Another mirroring concerns two episodes of prayer, 134 pages apart in this edition. In the first, Father Percy achieves a vision of the Body Mystical upon the cross and “the eternal patience of God.” In the other, Mabel Brand prays to Humanitarianism’s god, “that vast passionless divine being, realizing Himself up through these centuries, one yet many, Him whom men had called God, now no longer unknown, but recognized as the transcendental total of themselves,” and seeing the “Spirit of Peace.” (The New Age is perennial.) As far as it goes, Mabel’s prayer strongly resembles Father Percy’s, but she achieves no vision. The mutual reflection of the two prayers vanishes. The ultimate mirroring in the novel is, of course, that of Good and Evil, especially as contained, respectively, in the Church and the new world order under Humanitarianism and in the persons of Percy Franklin and Julian Felsenburgh. Benson’s new world order realizes world peace and universal brotherhood, which good priests in the book acknowledge to be good things (though, lacking a basis in Christian belief, as elusive perhaps as the so frequently absent Felsenburgh).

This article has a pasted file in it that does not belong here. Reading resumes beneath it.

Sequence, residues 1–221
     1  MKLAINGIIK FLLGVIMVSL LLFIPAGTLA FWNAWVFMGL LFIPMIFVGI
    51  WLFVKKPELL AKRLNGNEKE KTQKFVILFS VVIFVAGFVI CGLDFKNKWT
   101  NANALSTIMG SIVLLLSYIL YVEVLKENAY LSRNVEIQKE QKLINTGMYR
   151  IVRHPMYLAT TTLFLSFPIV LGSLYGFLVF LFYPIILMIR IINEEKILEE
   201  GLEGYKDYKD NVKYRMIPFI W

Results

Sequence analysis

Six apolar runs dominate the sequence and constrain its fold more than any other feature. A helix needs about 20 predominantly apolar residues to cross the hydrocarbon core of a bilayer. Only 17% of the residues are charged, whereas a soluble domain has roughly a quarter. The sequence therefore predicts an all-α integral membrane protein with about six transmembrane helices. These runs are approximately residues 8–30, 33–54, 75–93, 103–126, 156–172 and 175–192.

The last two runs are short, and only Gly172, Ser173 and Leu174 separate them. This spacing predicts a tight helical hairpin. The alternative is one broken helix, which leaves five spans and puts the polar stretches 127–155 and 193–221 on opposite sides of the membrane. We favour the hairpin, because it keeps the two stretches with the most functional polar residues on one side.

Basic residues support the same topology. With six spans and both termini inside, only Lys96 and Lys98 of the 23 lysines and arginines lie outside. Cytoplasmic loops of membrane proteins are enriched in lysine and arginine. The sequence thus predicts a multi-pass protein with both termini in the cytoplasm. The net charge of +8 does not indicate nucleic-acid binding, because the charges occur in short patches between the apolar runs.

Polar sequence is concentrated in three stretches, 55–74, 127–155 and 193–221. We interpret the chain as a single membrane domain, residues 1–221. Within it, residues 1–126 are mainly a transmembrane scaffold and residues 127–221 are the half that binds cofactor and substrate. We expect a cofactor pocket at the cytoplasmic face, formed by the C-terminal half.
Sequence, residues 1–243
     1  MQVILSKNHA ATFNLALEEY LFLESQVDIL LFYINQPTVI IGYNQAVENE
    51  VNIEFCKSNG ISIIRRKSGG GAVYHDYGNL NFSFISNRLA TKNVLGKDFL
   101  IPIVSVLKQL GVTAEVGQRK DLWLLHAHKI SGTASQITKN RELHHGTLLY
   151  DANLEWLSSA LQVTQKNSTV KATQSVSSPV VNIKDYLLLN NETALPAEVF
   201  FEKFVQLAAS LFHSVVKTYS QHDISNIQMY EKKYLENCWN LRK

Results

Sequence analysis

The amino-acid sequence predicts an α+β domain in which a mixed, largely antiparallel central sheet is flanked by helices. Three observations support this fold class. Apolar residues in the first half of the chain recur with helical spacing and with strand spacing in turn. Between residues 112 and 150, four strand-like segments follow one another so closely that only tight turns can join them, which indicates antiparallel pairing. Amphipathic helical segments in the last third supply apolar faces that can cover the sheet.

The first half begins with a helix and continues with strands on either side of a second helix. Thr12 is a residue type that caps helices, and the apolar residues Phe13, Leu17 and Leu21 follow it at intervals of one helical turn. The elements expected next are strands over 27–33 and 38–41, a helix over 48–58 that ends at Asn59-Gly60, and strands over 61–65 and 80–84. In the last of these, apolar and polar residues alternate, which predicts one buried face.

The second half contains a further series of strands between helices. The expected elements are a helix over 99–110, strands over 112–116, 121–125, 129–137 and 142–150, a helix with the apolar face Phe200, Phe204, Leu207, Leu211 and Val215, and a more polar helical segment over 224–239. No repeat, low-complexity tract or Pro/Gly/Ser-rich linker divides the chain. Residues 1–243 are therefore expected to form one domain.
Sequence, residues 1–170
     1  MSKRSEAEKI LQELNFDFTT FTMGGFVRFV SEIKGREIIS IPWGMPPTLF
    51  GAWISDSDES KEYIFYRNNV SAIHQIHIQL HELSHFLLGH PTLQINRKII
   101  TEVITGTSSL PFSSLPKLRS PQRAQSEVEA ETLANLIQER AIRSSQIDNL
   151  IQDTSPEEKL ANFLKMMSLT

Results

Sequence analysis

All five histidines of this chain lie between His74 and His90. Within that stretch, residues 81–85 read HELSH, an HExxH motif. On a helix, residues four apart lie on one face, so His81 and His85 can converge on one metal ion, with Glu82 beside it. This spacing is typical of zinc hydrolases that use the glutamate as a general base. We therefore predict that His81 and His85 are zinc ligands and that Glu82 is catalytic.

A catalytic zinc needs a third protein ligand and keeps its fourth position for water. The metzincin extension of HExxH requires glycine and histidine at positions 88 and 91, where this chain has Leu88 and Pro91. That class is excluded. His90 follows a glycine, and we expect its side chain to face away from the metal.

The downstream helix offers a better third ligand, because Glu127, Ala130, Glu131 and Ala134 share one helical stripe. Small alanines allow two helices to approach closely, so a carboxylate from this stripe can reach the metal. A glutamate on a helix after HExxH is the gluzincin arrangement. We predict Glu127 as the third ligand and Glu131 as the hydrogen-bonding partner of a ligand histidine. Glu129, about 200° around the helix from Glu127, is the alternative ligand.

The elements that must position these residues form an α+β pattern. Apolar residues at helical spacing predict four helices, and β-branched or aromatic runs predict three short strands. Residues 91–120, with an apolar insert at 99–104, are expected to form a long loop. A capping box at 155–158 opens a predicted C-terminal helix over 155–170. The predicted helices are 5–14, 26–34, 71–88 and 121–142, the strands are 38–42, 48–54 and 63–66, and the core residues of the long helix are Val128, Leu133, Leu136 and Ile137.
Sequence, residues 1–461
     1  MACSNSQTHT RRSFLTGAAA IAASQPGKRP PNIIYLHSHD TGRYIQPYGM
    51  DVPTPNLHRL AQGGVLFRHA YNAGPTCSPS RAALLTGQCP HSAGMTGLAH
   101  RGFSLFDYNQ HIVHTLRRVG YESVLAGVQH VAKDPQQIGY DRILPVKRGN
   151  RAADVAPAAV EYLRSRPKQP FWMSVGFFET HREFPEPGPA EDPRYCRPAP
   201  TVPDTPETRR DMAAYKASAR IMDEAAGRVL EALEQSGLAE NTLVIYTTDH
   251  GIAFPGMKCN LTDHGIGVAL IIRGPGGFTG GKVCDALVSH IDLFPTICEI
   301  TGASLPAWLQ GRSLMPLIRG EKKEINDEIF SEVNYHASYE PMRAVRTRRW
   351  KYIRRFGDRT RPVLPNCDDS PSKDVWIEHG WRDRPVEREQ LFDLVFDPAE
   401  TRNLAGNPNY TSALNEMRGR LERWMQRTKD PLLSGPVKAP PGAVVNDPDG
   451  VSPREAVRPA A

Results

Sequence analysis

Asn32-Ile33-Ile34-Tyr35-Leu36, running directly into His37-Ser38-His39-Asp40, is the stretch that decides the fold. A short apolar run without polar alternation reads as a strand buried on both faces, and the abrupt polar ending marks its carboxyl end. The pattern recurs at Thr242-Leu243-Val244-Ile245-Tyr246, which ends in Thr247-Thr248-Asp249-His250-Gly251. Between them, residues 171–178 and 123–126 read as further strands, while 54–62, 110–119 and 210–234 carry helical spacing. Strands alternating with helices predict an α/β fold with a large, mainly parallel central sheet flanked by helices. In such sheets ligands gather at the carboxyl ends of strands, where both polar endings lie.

Evil looks so much like Good. But the mirror-tether ultimately breaks, not in sound and fury but in light and music as experienced by one of Benson’s happiest creations, a simple Syrian priest who attends Pope Silvester and is an exceedingly ingratiating figure when, at the end, the world “and the glory of it” pass away.
While stories of ostensible apocalypse constitute a distinctive subgenre of science fiction, I cannot think of any besides Lord of the World that carry through with the implied promise to depict the end of the world: Somebody always survives the deluge. In this respect, Benson’s literate and devout novel may be genuinely sui generis. So many of its initial readers thought it “too pessimistic,” according to Fr. C. John McCloskey’s Introduction, that Benson responded with The Dawn of All, published in 1911, in which the Church is more obviously triumphant.
[Lord of the World, by Robert Hugh Benson (South Bend, IN: St. Augustine’s Press) 312 pp., $22.00]